Linking Sustainable Capacity Building Activities to Organizational Sustainability

Linking Sustainable Capacity Building Activities to Organizational Sustainability

News from the HIV Capacity Building Partners Summit in Nairobi, Kenya

On the second day of the first ever Regional HIV Capacity Building Partners Summit in Nairobi, Kenya, one of the key issues that continued to dominate the conversations in various sessions was sustainability.

Many speakers noted that despite a mild increase in organizational capacity building efforts by donors, governments, and nongovernmental organizations in the Eastern and Southern Africa region, the documentation and dissemination of these efforts and their effects on HIV & AIDS programs and other health programs and systems remains limited. Apparently, several factors have contributed to this situation.

First, the group noted that evaluative research for questions of program sustainability were primarily based on the objectives, work plans, timeframes and measures of sustainability that had been developed by individual projects. In most cases, these projects were donor funded and had their own agenda and hence did not take an organizational-wide approach in their approach to measuring sustainability. They just focused on the project deliverables.

Second, some definitional issues around what actually constitutes organizational sustainability remain either unclear or not commonly understood. Dr. Ranga Taruvinga, Executive Director of MANAGA Center, Swaziland said, “Just because my organization has successfully won a round of Global Fund grant does not make us sustainable. The true measure of sustainability is how well we are managing the grant, how many clients we are reaching.”

However, there was a general consensus around the following types of long term sustainability measures:

  • Diversifying funding sources, and perhaps beginning to rely more on local sources of funding
  • Continuing to serve substantial numbers of clients with products and services that are needed
  • Building, nurturing, and sustaining effective partnerships
  • Gaining control of organizational change and achieving self-independence without being tied to the generosity of others outside our communities
  • Innovating, sharing, and disseminating what we know works

Lucy Nganga of The Eastern Africa National Networks of AIDS Service Organizations made interestingly simple but creative links among capacity, resource availability, and sustainability. She said, “no capacity, no resources; no resources, no capacity...and in such a situation, you may as well forget about sustainability.”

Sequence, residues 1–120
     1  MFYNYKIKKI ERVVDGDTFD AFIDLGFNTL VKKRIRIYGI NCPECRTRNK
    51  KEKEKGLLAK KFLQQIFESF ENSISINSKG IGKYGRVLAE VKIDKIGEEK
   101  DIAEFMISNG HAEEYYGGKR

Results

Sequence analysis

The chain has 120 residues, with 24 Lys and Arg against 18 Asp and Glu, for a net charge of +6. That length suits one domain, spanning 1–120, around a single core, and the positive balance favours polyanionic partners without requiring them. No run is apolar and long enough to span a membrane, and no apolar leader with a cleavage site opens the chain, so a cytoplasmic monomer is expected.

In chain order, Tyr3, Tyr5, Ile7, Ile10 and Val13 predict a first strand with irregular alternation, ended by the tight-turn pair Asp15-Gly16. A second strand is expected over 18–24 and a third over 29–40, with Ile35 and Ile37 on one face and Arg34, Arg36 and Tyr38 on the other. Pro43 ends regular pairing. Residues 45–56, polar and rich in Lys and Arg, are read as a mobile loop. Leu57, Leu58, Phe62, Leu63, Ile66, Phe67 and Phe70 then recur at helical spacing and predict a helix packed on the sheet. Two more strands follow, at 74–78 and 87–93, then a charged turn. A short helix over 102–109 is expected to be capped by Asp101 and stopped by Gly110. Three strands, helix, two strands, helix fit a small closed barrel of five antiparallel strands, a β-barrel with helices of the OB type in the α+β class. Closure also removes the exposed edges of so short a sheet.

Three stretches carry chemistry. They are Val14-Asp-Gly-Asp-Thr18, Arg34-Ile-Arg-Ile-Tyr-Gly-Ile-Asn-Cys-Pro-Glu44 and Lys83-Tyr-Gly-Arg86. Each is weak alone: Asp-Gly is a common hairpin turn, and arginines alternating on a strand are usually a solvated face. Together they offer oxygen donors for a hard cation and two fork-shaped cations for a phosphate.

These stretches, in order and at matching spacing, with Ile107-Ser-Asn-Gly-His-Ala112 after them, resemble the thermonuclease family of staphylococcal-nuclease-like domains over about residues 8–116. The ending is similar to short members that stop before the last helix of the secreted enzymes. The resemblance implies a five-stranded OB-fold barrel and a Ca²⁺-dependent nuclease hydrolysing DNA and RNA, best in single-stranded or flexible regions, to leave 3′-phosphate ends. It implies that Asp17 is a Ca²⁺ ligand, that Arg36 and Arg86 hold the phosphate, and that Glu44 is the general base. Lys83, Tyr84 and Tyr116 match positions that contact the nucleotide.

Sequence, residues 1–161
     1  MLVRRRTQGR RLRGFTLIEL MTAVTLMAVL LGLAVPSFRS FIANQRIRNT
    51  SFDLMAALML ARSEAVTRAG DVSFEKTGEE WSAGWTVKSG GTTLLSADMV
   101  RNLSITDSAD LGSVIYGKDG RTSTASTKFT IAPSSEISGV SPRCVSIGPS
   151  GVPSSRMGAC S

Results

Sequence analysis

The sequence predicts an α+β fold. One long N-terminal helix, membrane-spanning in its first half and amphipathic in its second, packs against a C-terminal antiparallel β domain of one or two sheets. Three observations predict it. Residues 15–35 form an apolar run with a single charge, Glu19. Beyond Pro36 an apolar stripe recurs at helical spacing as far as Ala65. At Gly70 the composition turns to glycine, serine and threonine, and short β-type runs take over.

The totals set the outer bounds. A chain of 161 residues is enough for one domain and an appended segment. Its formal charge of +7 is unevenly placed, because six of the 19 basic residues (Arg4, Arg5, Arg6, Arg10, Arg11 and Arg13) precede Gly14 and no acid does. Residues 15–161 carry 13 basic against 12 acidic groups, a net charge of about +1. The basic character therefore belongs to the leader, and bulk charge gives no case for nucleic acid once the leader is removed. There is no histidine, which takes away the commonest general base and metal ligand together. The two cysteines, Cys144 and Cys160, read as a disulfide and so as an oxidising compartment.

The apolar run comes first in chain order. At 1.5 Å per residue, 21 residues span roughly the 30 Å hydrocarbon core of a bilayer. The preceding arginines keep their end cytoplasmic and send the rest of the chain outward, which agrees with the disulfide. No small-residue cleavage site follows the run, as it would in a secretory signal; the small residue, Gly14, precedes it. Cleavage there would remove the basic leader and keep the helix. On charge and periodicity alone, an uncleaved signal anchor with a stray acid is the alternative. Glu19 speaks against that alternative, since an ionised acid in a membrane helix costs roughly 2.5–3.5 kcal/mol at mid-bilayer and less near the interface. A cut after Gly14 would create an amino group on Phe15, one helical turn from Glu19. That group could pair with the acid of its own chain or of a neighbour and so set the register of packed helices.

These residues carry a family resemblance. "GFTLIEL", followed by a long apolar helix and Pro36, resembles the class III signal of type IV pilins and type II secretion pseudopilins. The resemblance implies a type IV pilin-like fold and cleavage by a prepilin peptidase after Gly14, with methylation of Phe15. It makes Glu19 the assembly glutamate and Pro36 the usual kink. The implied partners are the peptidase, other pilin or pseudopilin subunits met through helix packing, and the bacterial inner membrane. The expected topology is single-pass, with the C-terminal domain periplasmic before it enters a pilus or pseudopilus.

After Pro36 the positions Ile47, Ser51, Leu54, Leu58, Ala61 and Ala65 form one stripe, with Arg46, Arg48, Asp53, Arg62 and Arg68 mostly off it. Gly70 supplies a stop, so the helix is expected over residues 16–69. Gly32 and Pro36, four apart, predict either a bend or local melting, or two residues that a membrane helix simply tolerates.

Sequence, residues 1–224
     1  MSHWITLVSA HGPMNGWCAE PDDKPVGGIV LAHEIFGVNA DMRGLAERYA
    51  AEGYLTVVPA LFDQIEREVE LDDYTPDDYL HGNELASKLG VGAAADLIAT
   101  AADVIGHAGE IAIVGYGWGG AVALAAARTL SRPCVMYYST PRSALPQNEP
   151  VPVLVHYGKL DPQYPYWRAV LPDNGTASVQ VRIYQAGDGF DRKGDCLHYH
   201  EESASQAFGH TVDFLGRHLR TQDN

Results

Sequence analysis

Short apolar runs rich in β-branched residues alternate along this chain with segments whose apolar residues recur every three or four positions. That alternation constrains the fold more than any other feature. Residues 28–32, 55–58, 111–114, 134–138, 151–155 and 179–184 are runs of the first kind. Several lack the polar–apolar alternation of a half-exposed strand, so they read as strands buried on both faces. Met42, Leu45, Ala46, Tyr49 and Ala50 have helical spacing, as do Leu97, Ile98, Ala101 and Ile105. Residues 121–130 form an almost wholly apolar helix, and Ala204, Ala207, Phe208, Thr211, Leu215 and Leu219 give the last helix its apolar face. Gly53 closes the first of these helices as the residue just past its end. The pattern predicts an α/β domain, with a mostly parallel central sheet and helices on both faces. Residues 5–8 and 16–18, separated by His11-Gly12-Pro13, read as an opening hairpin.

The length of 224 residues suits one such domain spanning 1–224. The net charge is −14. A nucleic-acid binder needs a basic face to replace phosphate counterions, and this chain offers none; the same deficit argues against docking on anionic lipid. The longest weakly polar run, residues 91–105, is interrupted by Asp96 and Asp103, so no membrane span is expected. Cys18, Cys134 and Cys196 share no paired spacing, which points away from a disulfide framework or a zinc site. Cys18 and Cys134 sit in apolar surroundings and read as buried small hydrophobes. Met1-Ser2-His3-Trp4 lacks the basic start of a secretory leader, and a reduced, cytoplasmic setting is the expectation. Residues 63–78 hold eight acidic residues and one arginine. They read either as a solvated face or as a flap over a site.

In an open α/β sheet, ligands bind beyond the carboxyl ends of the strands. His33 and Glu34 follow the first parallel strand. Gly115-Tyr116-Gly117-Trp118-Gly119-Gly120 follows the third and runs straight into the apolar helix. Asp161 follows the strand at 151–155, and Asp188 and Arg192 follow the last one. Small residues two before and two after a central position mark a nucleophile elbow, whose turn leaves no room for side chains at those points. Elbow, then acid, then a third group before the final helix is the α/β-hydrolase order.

Another delegate summed it up this way: “the desire and commitment to succeed comes from within and not without. That is what generates sustainability.” In other words, when communities, organizations or teams are empowered to manage their own pace of change, they are not being told what to do and they have options that are culturally appropriate and accessible, that is when they get onto the road to sustainability.

Another interesting organizational perspective was the growing realization that achieving any desired organizational change that will be sustainable involves more than strengthening the skills and competencies of individuals within the organization. What is perhaps more important is the effect of the right policy environment, effective systems and practices, as well as informal practices, beliefs, values and attitudes that must be understood and integrated into organizational capacity building efforts. Of course, building knowledge, skills, and attitudes can have a positive effect on an organization, but to achieve and sustain change those individuals need an appropriate work climate and the proper mix of incentives and opportunities in which to apply the acquired knowledge and skills.

In one of the break-out sessions, several speakers found fault and some even expressed their frustration with the common approaches that rely on training workshops or providing information through the dissemination of materials and tools as the prima facie basis for capacity building. They suggested that such approaches are more likely to succeed and contribute to organizational sustainability if they are combined with tailored individualized assistance and coaching. Such a multi-faceted approach may be resource-intensive, thereby limiting the number of organizations that can be reached but knowledge or tool transfer alone is insufficient to foster long term sustainability of any organization.

Ummuro Adano is a Senior Technical Advisor, Capacity Building, for the AIDSTAR-Two Project. He attended the Regional HIV Capacity Building Partners Summit in Nairobi, Kenya, March 16-18.